Why I Enjoy Doing Nothing as an Expat

You can do nothing anywhere. But it takes a special place to make doing nothing a real treat.

My wife, Suzan, and I live in the mountains of northern Ecuador. It’s so easy to do nothing here that it’s almost a form of meditation.

Take the weather. No snow, ever. No baking heat, ever. Shirt, shoes, a pair of jeans, a jacket, and a hat. That’s your wardrobe for the entire year. If it’s raining, which it occasionally does, get under a roof. If it’s windy, which it occasionally is, close the window. That’s it. The vast majority of the time, the weather here requires us to do nothing…not turn on an air conditioner, not turn on a heater, not even turn on a fan.

Now take the expenses. We own our condo, and our property taxes here are about $55 per year. Per year. You can do nothing for a year and still end up with at least $55 in spare change in your pocket. Our monthly utility bills—electricity, water, internet, and bottled gas—average about the cost of one bottle of mediocre single-malt scotch. If I do nothing…i.e., if I don’t buy a bottle of mediocre single-malt scotch each month…I have my utility bills paid.

And food. We can’t shop and cook for ourselves any less expensively than we can dine at most of the restaurants in our little town. There’s a $2.50 lunch up the street that includes soup, salad, meat, potatoes, dessert, and fresh fruit juice.

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In the cool mountain town of Cotacachi, Ecuador, the pace of life is slow and steady. Stress is the last thing on people’s minds.

On Tuesday evenings, a local bar serves a grilled hamburger and French fries for $3. Add a beer and this combo costs $5. Beer itself, in a local tienda, costs little more than a dollar for a 22-ounce bottle. We still cook for ourselves to keep our skills honed, but we actually save money by doing nothing ourselves in our own kitchen.

And while we’re doing all this nothing, I find myself endlessly entertained by doing nothing but watching the light change during the course of the day as the sun plays across the nearby mountain slopes, farm fields, and eucalyptus groves.

Don’t get me wrong…there’s still plenty to do here if we get the urge. Our province is loaded with hiking trails, parks, lakes, hot springs, old haciendas, craft shops, open-air markets, jungle lodges, nature preserves, and the like.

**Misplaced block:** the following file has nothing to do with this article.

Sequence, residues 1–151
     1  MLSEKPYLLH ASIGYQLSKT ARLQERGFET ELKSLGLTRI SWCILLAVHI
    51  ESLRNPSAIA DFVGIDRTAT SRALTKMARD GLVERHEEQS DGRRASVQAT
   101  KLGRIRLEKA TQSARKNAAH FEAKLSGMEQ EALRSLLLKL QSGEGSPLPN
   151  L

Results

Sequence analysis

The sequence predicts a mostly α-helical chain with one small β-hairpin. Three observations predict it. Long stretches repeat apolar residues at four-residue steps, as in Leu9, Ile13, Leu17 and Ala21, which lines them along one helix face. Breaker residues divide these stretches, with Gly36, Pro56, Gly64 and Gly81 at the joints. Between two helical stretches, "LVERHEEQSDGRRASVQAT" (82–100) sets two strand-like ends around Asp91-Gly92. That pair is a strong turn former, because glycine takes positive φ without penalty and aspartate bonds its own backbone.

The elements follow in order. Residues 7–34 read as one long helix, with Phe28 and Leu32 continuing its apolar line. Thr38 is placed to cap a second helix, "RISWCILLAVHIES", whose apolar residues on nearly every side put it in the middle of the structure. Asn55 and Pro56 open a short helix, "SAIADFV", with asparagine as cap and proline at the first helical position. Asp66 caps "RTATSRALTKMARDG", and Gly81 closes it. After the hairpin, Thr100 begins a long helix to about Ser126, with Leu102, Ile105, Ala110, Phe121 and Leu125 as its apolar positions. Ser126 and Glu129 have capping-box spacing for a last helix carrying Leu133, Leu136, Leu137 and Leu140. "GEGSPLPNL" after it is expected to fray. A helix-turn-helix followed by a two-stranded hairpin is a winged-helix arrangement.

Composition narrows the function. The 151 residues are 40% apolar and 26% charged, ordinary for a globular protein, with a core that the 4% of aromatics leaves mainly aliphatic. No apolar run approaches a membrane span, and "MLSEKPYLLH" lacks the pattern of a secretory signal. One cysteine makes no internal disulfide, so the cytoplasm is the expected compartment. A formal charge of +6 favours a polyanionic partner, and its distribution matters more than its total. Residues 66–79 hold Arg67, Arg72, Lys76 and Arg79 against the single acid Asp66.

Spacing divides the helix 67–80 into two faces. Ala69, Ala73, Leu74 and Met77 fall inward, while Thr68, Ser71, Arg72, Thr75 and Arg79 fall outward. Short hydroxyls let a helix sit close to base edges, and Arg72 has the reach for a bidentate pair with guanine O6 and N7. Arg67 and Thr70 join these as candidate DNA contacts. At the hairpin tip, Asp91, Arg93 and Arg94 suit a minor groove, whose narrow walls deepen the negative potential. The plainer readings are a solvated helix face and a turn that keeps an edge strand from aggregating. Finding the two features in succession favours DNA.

And we did have to do something to get here. We traveled around, did our research, and went through all the usual big ideas and big plans and big life changes. It seems now like it took a lot of work, study, self-assessment, and re-evaluating the “things” we thought meant a lot to us and gave meaning to our lives.

It turns out that most of those “things,” most of those material things, anyway, were more of a burden than an advantage to us on our way to get to this place. We left a lot of them behind.

Which again means that we do nothing about them. We do nothing about fueling and maintaining and insuring our car because we don’t have one. Don’t need one here…taxis and public transportation are cheap and plentiful. We do nothing about our huge cable or satellite TV bill because we don’t have one of those, either…we find everything we care to watch on the internet.

We do nothing about running and maintaining our furnace because we don’t have one of those, either. Or an air conditioner. We even do nothing about cleaning the condo because our cleaning lady takes care of that every week for about as much as we’d spend on a bottle of serviceable cabernet wine. Which again means that, if we skip a bottle of serviceable cabernet each week, we don’t have to do much of anything to pay her.

I wouldn’t exactly call ours a “do-nothing” lifestyle. But we sure don’t have to do much to enjoy it.

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